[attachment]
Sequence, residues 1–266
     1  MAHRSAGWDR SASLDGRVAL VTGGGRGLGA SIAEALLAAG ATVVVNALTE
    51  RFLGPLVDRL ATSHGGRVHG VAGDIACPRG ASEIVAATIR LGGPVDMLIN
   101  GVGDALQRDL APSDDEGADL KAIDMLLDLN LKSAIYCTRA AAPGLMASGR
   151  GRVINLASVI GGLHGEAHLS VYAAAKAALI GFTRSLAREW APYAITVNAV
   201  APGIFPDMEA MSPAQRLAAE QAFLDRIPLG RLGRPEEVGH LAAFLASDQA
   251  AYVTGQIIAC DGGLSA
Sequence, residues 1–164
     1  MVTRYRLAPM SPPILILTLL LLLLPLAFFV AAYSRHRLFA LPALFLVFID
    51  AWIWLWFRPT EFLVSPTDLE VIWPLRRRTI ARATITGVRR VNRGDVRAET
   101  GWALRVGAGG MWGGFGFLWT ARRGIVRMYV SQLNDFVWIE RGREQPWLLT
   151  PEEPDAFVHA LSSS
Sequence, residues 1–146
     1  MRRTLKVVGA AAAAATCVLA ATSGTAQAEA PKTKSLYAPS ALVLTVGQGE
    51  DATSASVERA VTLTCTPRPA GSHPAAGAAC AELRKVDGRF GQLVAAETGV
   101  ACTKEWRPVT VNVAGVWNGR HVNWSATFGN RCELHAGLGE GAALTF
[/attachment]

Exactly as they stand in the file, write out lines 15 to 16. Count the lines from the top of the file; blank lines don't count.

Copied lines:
    51  DATSASVERA VTLTCTPRPA GSHPAAGAAC AELRKVDGRF GQLVAAETGV
   101  ACTKEWRPVT VNVAGVWNGR HVNWSATFGN RCELHAGLGE GAALTF